Flat Line


The day before I’m supposed to attempt the Flat Line Burger Challenge at the Hog Shack Cook House (160-3900 Bayview Street), I’m nervous. The Challenge involves trying to eat two burger patties with all the fixings nestled between two grilled cheese sandwiches in five minutes or less. Gulp. Oh, and you also have to gobble up either a salad or fries. Double gulp. Those who manage to clean their plates get the $18 meal for free and the immense glory of the win.

Hog Shack


Triumphant eaters have their photos posted on the Hog Shack’s wall of fame, across from the wall of shame that features dozens of photos of less successful eaters. The winners have all been male, although some women have valiantly tried.





Also, if you search for the Challenge on YouTube, you’ll find numerous videos of people attempting, mostly unsuccessfully, to demolish the burger platter.

According to my server Jade Masmela, only about one customer a month is brave enough to meet the burger platter head on. Often, it’s an impromptu decision after friends egg them on, but on occasion, people come with the serious intent of trying the Challenge. She says that those who come close, or finish it, basically swallow their bites whole. Some deconstruct the meal and eat it piece by piece. Others take their cue from professional food competitors and dunk food in pitchers of water in order to soften and moisten it. That way, the meal is easier to swallow down.

After I arrive and sit down, I announce to Jade that I’m going to be taking on the Flat Line Challenge. I try to sound confident, but I think I actually sound fearful. She looks at me sympathetically and tells me not to worry. But I do. The thing is, while I adore food to an almost obsessive degree, I’m far from a fast or a massive eater. Instead, I tend to savour each bite, as opposed to sprinting to the finish line. Plus, as a child, my grandmother was always at my elbow at the dinner table, lecturing me about chewing my food more. And, I don’t think I’ve ever eaten more than one burger at a time.

If this all sounds like a bunch of excuses, they are. They run through my head up until the point when my plate arrives. Diners around me gasp incredulously: is she actually going to eat all that? In person, the dish is daunting, the stack of grilled cheese and patties looking monstrously high. When I ordered, Jade suggested I go with the salad since it’s lighter, but I chose the fries instead since I figured they’d be easier to swallow down. Looking at the mound of fries, I’m not so sure anymore. A part of me wants to run out of the restaurant and admit defeat, but that would be embarrassing and cowardly. I can do this.



As Jade gets the timer ready, I steel myself for the eating ahead, promising to do the best I can. Maybe the impossible will happen?

And I’m off! I begin well. I grab the top grilled cheese sandwich with the first patty and lettuce and tomato, not caring about how I look or how burger sauce is already dripping down my arms. I take rapid bites, trying not to chew too many times before I swallow. I also attempt to make my bites as large as possible, so I’m eating bread and patty, all in one go.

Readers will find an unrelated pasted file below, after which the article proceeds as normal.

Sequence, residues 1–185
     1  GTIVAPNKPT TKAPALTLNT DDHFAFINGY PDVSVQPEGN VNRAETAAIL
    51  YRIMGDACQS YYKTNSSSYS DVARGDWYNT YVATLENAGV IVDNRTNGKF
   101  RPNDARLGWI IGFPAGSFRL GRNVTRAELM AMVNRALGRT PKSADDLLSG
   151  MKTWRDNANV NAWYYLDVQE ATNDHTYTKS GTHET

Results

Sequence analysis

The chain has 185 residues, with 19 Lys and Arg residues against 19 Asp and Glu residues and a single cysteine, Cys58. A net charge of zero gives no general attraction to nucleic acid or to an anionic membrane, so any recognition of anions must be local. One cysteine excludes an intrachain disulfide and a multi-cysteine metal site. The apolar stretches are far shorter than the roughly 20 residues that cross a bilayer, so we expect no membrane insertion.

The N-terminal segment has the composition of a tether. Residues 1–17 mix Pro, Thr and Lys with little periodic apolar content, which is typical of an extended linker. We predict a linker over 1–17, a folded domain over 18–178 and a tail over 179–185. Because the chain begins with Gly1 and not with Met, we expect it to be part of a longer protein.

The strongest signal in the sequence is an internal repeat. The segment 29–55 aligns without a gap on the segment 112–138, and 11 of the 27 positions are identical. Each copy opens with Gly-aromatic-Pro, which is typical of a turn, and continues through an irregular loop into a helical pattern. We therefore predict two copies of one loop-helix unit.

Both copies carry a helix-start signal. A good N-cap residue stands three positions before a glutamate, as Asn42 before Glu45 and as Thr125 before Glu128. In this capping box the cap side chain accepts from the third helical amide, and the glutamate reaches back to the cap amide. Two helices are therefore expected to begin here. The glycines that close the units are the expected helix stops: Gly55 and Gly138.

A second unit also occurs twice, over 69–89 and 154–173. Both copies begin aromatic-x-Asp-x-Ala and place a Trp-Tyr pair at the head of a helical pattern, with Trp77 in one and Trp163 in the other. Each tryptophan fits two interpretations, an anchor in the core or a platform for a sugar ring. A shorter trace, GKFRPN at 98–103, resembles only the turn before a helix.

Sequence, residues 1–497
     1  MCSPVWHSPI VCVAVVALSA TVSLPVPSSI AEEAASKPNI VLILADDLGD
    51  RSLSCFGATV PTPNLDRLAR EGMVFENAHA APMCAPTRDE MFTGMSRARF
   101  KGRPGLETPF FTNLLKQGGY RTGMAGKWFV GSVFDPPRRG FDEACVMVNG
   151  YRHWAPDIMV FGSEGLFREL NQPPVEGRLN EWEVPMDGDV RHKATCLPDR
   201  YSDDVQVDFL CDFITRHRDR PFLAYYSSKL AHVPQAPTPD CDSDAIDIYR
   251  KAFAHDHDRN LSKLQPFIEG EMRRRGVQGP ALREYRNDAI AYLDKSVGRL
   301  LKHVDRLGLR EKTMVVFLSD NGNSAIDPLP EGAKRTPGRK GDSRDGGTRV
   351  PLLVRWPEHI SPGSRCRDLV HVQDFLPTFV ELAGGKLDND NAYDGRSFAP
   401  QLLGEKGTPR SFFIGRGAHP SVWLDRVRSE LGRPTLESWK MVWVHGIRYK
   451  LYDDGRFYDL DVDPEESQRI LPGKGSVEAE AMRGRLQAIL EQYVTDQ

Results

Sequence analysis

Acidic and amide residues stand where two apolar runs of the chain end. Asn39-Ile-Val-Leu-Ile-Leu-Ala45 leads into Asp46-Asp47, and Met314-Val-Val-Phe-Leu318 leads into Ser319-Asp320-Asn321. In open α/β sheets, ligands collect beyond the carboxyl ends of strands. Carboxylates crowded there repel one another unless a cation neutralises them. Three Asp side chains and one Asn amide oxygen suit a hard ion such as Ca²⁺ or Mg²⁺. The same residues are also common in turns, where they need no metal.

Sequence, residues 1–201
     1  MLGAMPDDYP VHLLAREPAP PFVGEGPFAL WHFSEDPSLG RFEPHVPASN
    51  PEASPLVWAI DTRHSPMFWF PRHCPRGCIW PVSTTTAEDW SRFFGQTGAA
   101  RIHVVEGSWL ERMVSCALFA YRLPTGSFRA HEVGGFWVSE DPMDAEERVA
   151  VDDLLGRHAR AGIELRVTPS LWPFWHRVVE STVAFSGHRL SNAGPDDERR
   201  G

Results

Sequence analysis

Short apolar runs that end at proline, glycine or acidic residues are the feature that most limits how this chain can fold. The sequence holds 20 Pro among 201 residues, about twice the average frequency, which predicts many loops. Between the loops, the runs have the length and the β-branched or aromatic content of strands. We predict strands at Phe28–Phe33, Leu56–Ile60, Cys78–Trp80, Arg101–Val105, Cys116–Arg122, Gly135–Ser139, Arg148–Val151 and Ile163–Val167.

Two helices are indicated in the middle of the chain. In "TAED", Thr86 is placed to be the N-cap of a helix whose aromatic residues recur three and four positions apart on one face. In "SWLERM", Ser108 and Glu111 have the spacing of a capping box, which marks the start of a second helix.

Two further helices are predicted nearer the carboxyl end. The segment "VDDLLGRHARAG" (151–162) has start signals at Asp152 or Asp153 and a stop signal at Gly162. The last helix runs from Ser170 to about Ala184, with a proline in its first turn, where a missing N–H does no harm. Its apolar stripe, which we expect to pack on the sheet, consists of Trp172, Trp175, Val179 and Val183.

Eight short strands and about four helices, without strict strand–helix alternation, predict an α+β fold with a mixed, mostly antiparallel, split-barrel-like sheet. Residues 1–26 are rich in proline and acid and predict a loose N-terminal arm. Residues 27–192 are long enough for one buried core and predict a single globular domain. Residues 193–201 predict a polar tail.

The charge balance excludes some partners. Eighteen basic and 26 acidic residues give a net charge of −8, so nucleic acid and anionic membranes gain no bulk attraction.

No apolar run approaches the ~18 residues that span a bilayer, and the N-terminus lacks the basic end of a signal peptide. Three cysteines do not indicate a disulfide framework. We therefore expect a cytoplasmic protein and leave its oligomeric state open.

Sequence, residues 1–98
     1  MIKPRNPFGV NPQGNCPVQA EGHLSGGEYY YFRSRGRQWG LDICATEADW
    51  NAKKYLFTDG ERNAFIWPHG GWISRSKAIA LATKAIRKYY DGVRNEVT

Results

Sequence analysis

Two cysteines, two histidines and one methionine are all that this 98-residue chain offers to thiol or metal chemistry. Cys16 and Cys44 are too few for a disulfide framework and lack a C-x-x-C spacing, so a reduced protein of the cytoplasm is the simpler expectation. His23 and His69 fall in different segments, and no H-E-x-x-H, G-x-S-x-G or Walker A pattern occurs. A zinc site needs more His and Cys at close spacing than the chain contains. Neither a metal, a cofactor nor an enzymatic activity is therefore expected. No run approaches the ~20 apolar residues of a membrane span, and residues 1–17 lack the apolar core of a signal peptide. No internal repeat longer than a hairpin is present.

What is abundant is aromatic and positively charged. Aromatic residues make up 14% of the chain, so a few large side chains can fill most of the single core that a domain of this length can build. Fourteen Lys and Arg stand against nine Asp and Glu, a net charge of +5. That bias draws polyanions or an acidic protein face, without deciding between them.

The Challenge suddenly seems doable. I find a rhythm, and the sandwich starts to decrease in size. I’m eating faster than I’ve ever eaten in my life. Even amid my furious eating, the food lover in me is registering the various flavours and textures that are rapidly hitting my palate: the juiciness of the patty, the crispness of the lettuce, the cheesy, buttery-ness of the grilled sandwich.

Perhaps my enjoyment of the food is my biggest downfall. When Jade tells me that I’ve used up half my time, I’m only part way through the first sandwich. “You’re doing really well. Keep on going,” she urges, encouragingly. I’m already starting to wilt with the knowledge that there’s no possible way that I’m going to even come close to completing.

Plus, my jaw is starting to tire and ache. I didn’t anticipate the patty being so hefty. My bites are still not big enough and I’m chomping too much. The fear of heartburn afterwards though, prevents me from changing my strategy. I occasionally speed up when I hit a patch of renewed determination and adrenaline, but for the most part, I slow down as the time runs down.

“Thirty seconds left.” I feel a huge sense of relief that the end is near, and as Jade counts down, I collapse into my last bite. I’m just short of finishing one half of the sandwich tower. I haven’t touched the fries yet. I’m a total loser.

However, as I stare at my still full plate, I start to experience a sense of pride. I don’t know anyone else who’s attempted the Flat Line Challenge. And I tried, I really did. As a bonus, I have enough food to take home for two more meals. Diners around me offer their congratulations for trying, and I bask in the glow of my failure.

As I leave the restaurant and bid farewell to Jade, I consider what I could do better the next time, if it should so happen. Maybe in my spare time, I should practice eating faster? Perhaps eating the patty with the sandwich was my tactical error?

For those considering the Flat Line Challenge, I’d highly recommend it. It’s messy, requires shameless gorging, and ultimately, is a ton of fun. Who knows? You just might make the wall of fame – with seconds to spare.